Then the body of a missing teen is found. What looks like a drowning accident is murder. Then another teen girl is found dead. Someone from Jude’s past is connected to the murders. The investigation will bring Jude face to face with old demons and challenge her sanity.

Author Anne Fraiser has created the most believable story about the mental and physical torment of a kidnap victim. Jude Fontaine is a mesmerizing heroine. Despite the physical and emotional abuse of her kidnapper, she struggles to survive. After escaping, she fights to take control of her life. But she is no victim. She is a kickass heroine. She is the best female character since The Girl With The Dragon Tattoo.

However, this novel is much better written than Stieg Larrson’s debut novel. As with all of Fraiser’s novels, there is amazing depth to the secondary characters. In particular, the mother of a missing teen girl resonates with humanity. The plot twists and turns. There are betrayals. In the end, I was left wanting to read more about Jude and her partner, Uriah Ashby.

Only Lovers Left Alive – A Review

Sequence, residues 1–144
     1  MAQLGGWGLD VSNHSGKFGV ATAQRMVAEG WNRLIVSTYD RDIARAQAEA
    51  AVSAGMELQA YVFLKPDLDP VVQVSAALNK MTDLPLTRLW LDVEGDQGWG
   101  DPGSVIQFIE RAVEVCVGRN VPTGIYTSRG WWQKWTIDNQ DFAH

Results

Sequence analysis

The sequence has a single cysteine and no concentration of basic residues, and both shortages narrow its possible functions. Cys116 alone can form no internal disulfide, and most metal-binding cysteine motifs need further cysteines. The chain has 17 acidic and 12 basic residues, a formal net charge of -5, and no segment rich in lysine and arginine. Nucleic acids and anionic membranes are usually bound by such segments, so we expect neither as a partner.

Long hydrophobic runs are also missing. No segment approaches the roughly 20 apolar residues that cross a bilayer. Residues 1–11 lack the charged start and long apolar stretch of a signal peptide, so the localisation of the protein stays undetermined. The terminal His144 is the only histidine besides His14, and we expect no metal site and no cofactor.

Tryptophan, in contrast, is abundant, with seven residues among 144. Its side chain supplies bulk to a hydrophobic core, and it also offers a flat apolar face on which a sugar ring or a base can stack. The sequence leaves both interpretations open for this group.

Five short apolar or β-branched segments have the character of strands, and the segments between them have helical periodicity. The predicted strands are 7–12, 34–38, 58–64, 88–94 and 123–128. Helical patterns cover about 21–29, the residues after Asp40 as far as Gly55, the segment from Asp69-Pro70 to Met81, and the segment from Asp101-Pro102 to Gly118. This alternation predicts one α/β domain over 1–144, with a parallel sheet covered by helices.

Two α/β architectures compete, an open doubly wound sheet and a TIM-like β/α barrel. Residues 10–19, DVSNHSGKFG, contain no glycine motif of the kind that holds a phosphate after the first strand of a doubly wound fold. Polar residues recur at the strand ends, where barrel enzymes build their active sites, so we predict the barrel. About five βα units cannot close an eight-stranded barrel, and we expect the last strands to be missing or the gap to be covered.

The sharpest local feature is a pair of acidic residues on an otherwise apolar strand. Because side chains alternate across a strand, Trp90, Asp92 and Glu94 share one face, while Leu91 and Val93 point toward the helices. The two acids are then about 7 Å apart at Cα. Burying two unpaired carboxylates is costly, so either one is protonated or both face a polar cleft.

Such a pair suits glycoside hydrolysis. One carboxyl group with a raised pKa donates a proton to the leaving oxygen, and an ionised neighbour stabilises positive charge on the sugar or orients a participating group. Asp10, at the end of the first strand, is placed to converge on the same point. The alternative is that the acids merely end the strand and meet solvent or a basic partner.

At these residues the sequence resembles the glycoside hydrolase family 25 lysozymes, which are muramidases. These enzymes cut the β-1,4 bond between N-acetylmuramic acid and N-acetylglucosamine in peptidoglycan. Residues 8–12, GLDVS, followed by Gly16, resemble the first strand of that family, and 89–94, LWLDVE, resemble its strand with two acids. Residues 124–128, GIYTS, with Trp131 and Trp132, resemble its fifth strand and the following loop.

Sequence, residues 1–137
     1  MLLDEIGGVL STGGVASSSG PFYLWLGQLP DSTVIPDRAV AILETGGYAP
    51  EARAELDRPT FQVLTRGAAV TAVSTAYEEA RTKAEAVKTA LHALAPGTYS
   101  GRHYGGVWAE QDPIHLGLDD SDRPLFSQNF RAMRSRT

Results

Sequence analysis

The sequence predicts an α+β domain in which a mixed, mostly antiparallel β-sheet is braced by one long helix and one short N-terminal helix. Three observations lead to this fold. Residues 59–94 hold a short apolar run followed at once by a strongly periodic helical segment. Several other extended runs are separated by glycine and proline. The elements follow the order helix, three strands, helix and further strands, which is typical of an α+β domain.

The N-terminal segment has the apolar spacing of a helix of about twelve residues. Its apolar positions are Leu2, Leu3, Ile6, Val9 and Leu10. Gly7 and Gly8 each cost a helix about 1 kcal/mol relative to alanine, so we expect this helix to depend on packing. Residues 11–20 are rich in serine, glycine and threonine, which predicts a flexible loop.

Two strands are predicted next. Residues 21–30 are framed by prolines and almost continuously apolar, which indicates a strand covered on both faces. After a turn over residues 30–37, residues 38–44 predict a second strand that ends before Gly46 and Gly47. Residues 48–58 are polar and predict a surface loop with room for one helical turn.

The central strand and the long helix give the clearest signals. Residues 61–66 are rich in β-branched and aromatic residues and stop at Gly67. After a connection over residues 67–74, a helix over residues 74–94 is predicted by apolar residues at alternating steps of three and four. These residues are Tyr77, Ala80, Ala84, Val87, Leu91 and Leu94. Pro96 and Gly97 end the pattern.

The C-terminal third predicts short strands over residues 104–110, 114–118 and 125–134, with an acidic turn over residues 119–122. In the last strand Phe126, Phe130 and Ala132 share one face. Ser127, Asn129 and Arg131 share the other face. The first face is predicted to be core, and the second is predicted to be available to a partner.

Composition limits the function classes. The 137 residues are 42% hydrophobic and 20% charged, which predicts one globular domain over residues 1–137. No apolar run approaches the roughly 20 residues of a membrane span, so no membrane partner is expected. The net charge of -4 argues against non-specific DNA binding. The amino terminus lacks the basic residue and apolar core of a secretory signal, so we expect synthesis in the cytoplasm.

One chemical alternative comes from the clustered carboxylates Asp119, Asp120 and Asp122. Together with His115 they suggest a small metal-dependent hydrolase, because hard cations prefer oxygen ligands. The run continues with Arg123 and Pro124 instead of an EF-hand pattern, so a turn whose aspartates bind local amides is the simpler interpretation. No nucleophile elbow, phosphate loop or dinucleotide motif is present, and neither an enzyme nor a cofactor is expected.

Tom Hiddleston alone is reason to watch this movie. His character, Adam, is a Only lovers left alive hero, a dark, moody rock musician vampire, sick of  destructive  humanity and of life itself. But his wife, Eve, sensing his depression leaves her home in Tangiers to be with him in Detroit. Slow paced, the movie is a visual delight. Modern Detroit is a haunting, gothic backdrop to the story. The perfectly matched, elegant physical beauty of Hiddleston and Swinton makes them the perfect pair to play  sophisticated vampires. Both Hiddleston and Swinton move with a languid grace as if they had all the time in the world.  These long-lived vampires have spent centuries immersed in the arts and sciences. They do everything exceptional well. They create beautiful music, influence great artists and learn science through the ages. They can speak and read a multitude of languages. Eve packs books for trip rather than clothes. In fact, they do everything well except dance. They can’t dance for shit. Adam and Eve have a deeply romantic relationship and a soul connection. Despite a 20 year age gap, Swinton and Hiddleston lit up the screen with their sexual chemistry. The music was incredible.  There are subtle touches which I love, Adam’s musical studio with its out-dated equipment reminded me of Frankenstein’s lab. And have I mentioned Hiddleston’s stand out performance bringing to life a multifaceted Adam, who could be the self-pitying, depressed artist to the ardent lover to the calculating. His final words in the movie, “I get the girl” was a chilling combination of sexuality and violence.